Illegal immigration has long been a problem in America, but a surprisingly large factor in illegal immigration is the problem of legal visitors overstaying their visas.
It turns out that visa overstays account for an estimated 40 percent of all illegal immigration in the United States.
According to the Department of Homeland Security’s recently issued “Entry/Exit Overstay Report,” 628,799 legal immigrants overstayed their visas in fiscal year 2016. Of that number, 544,676 are still believed to be in the United States, meaning only 84,123 of those who initially overstayed ended up leaving the country.
This is obviously a problem that must be rectified. The Department of Homeland Security and Congress need to begin implementing cost-effective solutions to curtail visa overstays and restore the integrity of our immigration system.
In the Homeland Security report, a suspected in-country overstay is defined as a nonimmigrant who lawfully enters the U.S. but remains beyond their allotted period of admission, and for whom there is no record of departure.
The January overstay figure—544,676—is equal to an overstay rate of 1.07 percent for 2016. By comparison, in 2015 there were 416,500 overstays, amounting to a rate of 0.9 percent.
Beyond just the top-level numbers, different groups are more or less likely to be visa overstays.
For countries participating in the Visa Waiver Program, the overstay rate was 0.6 percent of the 21,616,034 expected departures. For all other countries, the overstay rate was 1.90 percent out of 13,848,480 who were expected to depart.
The overstay rate among students and exchange visitors was particularly high, at 5.48 percent out of a total of 1,457,556 visitors.
The U.S. currently has biometric and biographic entry requirements that are critical for U.S security.
When a visitor enters the U.S. through an air or sea port of entry, their biometric and biographic information is analyzed across intelligence and law enforcement databases to ensure they are not a threat.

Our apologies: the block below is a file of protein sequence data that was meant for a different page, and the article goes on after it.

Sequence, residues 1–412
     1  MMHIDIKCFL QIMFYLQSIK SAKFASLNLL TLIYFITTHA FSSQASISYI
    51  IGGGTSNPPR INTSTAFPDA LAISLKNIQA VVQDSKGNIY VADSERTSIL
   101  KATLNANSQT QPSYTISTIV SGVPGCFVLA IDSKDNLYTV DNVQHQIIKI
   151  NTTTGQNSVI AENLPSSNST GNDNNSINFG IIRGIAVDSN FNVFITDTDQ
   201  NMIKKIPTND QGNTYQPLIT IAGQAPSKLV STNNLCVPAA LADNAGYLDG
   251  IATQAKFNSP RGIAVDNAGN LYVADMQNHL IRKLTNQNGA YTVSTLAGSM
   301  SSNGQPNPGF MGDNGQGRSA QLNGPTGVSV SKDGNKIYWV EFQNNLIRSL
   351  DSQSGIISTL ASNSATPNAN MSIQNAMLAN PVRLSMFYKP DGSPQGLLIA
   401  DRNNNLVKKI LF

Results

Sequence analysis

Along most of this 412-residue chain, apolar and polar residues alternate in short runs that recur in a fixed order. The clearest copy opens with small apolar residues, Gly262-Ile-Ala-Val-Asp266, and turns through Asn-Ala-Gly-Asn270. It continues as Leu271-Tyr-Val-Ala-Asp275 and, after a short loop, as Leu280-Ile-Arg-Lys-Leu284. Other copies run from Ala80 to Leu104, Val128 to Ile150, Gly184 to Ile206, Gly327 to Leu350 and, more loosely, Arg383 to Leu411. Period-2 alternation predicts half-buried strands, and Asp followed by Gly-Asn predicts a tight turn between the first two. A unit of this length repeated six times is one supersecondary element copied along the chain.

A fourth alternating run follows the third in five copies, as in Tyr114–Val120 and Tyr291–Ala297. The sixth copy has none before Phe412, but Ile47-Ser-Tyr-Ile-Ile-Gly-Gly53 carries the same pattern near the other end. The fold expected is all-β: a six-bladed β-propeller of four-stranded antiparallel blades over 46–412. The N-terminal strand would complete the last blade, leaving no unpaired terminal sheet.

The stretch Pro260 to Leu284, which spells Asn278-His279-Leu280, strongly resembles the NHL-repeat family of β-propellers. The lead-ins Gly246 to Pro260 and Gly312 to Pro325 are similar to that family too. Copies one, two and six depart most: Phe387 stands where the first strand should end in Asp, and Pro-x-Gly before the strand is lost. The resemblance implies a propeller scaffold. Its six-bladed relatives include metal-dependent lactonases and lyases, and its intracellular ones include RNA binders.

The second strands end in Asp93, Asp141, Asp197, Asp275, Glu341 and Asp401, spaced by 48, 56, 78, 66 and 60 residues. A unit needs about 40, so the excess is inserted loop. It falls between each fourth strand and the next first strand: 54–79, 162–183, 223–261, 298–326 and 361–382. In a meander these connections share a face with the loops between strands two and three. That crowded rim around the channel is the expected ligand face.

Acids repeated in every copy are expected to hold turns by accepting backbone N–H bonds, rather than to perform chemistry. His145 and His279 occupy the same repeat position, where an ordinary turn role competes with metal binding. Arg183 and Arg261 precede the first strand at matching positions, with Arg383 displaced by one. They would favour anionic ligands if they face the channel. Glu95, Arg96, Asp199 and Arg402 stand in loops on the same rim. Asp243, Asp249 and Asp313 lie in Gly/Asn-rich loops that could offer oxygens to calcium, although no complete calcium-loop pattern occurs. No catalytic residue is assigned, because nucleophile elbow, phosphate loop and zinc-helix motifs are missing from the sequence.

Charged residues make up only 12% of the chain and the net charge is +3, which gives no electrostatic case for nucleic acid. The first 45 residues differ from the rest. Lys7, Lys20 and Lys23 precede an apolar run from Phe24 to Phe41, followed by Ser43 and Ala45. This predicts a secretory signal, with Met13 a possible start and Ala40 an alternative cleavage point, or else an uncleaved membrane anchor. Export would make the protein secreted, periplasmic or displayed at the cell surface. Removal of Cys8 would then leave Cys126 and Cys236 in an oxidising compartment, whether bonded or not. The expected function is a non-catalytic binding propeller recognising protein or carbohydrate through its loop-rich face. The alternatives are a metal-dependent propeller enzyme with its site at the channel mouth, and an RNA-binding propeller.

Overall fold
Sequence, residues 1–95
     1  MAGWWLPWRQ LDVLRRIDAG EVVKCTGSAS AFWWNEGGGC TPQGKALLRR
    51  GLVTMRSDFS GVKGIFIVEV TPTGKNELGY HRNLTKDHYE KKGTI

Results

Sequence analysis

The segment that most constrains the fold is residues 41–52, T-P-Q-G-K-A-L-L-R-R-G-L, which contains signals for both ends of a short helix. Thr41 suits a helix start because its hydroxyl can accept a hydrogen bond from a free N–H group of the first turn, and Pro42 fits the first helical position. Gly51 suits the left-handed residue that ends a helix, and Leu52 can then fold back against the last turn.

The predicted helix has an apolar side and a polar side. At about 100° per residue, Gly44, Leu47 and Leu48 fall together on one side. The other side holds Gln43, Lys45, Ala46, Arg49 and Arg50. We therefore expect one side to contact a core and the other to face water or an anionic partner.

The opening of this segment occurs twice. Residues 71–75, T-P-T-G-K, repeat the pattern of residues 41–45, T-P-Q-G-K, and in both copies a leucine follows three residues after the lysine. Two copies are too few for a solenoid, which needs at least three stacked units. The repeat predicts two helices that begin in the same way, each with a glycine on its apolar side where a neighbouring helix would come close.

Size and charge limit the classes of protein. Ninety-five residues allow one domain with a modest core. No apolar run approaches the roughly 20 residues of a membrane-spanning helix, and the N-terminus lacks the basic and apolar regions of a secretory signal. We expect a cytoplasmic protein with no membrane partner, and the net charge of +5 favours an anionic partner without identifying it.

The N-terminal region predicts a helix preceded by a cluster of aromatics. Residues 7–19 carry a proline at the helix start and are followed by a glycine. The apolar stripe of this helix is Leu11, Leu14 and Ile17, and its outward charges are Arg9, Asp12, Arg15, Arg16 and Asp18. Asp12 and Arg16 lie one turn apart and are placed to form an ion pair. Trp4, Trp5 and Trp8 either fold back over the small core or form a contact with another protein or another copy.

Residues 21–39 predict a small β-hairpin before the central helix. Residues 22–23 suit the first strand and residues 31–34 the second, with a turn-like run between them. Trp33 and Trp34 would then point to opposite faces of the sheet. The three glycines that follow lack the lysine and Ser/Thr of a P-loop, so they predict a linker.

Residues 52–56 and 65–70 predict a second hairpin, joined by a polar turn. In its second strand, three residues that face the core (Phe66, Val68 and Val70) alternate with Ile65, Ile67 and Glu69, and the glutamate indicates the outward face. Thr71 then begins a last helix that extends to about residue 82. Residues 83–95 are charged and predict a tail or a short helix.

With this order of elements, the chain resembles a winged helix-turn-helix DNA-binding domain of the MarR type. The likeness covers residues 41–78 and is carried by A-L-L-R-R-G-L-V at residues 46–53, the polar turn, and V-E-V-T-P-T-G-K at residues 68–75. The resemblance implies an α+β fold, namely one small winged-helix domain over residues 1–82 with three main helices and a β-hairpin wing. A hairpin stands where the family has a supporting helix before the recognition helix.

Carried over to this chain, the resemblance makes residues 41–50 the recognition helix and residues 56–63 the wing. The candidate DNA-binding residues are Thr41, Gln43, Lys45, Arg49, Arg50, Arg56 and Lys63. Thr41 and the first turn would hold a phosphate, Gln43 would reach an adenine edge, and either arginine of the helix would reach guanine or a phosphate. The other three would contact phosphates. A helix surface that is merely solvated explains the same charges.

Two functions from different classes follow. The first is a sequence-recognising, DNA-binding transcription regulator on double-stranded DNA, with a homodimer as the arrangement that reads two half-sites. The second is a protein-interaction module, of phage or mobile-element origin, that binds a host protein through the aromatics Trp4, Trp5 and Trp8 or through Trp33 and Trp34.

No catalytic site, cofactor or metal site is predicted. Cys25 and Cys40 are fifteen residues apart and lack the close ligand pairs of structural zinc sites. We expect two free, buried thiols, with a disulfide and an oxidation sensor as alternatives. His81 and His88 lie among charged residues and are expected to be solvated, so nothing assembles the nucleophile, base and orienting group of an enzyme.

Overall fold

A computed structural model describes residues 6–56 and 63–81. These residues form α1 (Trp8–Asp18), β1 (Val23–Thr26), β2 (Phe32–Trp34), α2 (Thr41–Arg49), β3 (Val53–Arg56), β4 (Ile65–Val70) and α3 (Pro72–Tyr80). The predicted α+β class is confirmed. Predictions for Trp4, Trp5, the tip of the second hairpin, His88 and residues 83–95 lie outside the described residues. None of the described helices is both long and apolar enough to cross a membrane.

Customs and Border Protection officers collect biographic information like name, country of origin, and passport information, while also collecting biometric data such as fingerprint, facial, or iris scans, though fingerprints are by far the most common.
When they leave, Homeland Security uses biographic information to confirm an individual’s identity, though it is struggling to implement a biometric system.
This is because it is a costly program to implement and it requires vast changes to airports, sea ports, and land ports across the U.S.
Further, biometric systems do not stop someone from overstaying their visa. Because the biometric exit technology is by definition located at the border or airports, and overstays do not cross the border or board an airplane to leave, the technology is left unused.
Thus, from an immigration enforcement perspective, a biometric exit system does little more than an effective biographic exit system.
Instead of funding this costly biometric exit system program, Congress and Homeland Security should redirect those funds to hire new Immigration and Customs Enforcement prosecutors and agents.
With increased numbers, ICE can locate overstayed visitors within the United States and remove them. Additionally, these extra funds can be used to supply and increase support for the 287(g) program that enlists the help of state and local authorities in enforcing federal immigration statutes.
The Homeland Security overstay report indicates that more needs to be done to prevent illegal immigration. By pursuing cost-effective solutions, the U.S. can tame this problem before it grows even worse.